Until the 20th Century, a publisher’s main function was administrating printed music in all its forms. However, as 20th Century technology extended the use of music, so the responsibilities of publishers similarly widened to include the licensing of music on records, radio, television, films, concerts and, more recently, tapes, compact discs, satellite and cable distribution, karaoke, video games, computer software, CD-ROMs and other forms of multimedia, etc.

Publishers may also actively “pitch” your songs to artists to record, and your recorded songs to radio, TV, ad agencies, music supervisors (who decide what songs are included in a film or TV show), and other music users.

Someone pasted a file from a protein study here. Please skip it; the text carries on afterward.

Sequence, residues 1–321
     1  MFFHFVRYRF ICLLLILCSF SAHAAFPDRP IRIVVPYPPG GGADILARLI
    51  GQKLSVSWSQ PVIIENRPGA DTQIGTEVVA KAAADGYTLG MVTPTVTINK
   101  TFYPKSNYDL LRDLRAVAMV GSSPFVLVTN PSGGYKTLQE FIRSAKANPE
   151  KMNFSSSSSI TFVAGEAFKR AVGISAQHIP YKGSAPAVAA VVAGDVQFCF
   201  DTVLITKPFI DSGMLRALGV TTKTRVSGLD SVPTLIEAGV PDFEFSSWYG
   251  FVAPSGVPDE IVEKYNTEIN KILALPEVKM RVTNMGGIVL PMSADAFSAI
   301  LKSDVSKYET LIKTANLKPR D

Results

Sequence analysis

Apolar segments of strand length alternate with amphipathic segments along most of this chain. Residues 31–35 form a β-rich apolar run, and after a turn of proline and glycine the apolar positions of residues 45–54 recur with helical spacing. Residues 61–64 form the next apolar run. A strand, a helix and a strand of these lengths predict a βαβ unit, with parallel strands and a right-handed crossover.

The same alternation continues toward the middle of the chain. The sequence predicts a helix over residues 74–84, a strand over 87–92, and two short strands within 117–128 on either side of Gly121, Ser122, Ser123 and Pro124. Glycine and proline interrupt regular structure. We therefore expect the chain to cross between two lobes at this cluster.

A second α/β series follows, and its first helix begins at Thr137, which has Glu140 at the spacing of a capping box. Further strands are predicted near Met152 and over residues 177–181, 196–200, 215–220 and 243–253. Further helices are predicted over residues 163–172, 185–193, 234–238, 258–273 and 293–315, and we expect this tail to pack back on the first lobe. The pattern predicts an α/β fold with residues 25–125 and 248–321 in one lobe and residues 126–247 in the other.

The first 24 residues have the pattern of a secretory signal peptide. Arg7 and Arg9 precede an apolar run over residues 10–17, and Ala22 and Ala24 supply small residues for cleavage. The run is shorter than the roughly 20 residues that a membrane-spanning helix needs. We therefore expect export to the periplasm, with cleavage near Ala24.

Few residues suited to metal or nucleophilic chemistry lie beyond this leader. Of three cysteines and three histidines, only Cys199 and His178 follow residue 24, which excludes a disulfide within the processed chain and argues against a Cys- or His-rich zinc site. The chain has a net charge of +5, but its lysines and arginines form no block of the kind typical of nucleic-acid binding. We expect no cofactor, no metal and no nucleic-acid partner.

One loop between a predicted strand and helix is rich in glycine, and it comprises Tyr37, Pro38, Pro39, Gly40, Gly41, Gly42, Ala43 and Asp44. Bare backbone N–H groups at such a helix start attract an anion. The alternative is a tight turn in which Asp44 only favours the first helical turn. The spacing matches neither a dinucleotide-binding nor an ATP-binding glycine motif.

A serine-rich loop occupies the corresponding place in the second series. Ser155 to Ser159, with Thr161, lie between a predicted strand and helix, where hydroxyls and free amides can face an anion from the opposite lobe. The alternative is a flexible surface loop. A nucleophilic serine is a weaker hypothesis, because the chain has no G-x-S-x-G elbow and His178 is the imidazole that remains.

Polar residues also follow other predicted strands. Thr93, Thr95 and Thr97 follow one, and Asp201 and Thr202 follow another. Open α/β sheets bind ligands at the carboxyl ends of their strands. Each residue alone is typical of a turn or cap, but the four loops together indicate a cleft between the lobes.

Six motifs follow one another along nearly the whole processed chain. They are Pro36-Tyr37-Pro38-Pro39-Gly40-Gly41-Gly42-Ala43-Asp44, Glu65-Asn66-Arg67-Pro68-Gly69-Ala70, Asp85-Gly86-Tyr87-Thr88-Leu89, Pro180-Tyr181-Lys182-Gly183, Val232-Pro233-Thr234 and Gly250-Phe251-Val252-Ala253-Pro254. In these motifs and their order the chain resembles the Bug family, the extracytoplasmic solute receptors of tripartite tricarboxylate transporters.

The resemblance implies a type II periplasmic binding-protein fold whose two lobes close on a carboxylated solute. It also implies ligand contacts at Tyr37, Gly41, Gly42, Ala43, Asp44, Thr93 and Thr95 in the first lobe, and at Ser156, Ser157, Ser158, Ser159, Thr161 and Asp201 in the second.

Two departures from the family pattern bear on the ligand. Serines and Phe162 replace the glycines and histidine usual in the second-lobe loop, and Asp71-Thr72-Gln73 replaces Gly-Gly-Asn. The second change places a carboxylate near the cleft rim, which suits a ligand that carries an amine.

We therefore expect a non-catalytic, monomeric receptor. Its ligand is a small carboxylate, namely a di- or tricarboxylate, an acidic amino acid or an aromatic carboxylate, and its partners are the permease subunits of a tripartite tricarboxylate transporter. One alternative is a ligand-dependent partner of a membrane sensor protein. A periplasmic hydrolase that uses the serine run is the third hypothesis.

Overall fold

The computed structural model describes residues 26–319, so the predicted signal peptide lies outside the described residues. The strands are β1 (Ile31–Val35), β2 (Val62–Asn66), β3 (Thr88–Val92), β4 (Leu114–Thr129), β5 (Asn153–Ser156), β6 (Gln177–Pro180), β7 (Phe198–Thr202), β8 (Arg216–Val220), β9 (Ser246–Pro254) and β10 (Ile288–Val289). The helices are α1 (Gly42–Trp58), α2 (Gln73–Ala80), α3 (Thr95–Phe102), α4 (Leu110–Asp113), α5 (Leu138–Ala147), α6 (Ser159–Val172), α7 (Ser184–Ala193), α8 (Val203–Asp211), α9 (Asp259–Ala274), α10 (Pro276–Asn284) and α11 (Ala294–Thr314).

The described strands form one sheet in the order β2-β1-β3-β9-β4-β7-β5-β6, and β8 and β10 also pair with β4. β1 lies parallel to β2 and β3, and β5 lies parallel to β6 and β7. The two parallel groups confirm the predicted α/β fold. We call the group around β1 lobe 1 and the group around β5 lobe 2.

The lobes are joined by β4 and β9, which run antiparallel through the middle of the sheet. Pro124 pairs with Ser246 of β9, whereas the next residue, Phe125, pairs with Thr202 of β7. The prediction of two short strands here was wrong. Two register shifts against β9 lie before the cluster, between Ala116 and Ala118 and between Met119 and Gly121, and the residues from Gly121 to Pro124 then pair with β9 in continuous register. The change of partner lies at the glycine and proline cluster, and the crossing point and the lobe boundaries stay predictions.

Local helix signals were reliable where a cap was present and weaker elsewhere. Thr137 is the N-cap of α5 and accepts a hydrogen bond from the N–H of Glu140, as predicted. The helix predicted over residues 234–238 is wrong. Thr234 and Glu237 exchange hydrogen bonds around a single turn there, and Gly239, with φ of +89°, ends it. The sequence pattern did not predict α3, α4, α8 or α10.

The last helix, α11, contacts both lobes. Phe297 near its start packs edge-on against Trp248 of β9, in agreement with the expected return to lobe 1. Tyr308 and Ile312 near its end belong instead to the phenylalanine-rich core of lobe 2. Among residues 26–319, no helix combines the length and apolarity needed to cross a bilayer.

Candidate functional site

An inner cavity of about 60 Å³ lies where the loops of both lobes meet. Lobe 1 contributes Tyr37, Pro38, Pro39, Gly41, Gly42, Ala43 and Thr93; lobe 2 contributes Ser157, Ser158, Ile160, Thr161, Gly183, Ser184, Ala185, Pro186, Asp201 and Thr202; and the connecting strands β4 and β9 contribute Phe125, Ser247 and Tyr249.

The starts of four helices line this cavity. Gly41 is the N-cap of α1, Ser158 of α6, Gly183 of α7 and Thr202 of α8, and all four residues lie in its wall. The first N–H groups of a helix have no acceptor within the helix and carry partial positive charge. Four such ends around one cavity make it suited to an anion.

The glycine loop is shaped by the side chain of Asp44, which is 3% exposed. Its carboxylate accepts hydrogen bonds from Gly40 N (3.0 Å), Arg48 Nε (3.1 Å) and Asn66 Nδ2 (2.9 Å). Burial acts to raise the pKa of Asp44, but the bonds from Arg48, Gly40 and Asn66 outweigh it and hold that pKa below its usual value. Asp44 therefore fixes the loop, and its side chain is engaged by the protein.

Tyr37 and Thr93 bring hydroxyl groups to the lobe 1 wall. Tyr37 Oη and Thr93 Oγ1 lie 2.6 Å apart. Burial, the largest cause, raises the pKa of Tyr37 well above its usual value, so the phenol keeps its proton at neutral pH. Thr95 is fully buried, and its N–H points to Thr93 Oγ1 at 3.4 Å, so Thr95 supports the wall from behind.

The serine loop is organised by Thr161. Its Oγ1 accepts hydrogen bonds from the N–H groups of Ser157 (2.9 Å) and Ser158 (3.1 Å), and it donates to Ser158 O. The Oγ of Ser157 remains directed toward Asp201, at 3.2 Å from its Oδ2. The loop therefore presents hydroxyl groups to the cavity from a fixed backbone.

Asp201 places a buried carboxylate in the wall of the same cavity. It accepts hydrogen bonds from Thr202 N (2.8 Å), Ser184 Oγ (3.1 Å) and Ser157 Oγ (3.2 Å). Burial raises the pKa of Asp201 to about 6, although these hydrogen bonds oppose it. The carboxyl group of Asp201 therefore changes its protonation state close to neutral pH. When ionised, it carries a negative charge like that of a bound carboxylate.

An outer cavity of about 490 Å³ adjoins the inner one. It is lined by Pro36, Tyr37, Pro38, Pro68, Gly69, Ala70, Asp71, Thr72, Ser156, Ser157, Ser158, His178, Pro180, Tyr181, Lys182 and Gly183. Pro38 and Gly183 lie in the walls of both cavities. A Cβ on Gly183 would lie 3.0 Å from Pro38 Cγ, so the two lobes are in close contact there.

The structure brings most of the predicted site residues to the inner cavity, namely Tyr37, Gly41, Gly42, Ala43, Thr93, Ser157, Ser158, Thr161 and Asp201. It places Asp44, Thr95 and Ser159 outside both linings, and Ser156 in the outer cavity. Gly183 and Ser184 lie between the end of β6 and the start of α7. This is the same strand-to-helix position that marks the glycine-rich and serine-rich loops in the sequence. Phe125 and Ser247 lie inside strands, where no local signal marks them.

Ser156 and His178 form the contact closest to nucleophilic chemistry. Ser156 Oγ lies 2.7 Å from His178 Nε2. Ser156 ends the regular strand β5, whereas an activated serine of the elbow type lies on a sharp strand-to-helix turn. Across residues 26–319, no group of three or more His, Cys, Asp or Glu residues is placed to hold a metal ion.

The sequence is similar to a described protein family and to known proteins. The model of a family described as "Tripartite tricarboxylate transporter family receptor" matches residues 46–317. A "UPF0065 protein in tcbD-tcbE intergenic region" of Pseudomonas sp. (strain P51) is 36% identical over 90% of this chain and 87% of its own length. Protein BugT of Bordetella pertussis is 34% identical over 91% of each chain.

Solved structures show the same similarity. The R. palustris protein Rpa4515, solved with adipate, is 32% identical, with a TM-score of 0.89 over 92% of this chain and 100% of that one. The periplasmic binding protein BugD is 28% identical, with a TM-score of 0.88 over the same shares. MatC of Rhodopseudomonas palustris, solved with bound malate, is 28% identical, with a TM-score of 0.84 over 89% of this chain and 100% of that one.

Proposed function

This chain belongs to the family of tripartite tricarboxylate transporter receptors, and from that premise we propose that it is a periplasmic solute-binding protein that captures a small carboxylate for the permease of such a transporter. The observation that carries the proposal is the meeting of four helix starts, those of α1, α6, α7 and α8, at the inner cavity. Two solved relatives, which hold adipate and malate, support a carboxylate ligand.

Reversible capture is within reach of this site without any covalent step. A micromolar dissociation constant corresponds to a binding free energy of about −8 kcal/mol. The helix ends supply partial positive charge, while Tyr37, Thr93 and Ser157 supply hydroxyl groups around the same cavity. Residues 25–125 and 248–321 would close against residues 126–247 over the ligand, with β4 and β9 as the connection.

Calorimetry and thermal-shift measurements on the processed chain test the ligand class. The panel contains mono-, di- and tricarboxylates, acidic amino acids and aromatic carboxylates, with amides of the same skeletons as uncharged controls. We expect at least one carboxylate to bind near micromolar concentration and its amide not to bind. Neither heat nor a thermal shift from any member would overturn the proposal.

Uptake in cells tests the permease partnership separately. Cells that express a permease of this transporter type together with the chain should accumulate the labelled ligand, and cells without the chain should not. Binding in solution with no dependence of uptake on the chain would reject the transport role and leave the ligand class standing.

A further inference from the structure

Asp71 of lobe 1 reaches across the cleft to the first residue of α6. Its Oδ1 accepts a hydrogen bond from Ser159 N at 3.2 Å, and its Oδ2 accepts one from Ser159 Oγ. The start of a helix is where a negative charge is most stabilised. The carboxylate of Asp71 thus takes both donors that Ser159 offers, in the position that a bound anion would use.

It’s very common in today’s marketplace for an artist or group to write their own material. Therefore, if a recording contract is signed, strong efforts are made to sign a publishing deal for rights to the songs at the same time. In this way, additional earnings from performing rights can supplement earnings from record sales. And the songs recorded by the artist are still available to be “covered” by other artists, earning even more income.

What is Sub-Publishing?

To maximize the earnings potential of copyrights when a domestic publisher looks to exploit a song catalogue internationally, the publisher generally turns to established publishers in foreign territories. Their agreement is known as a sub-publishing contract.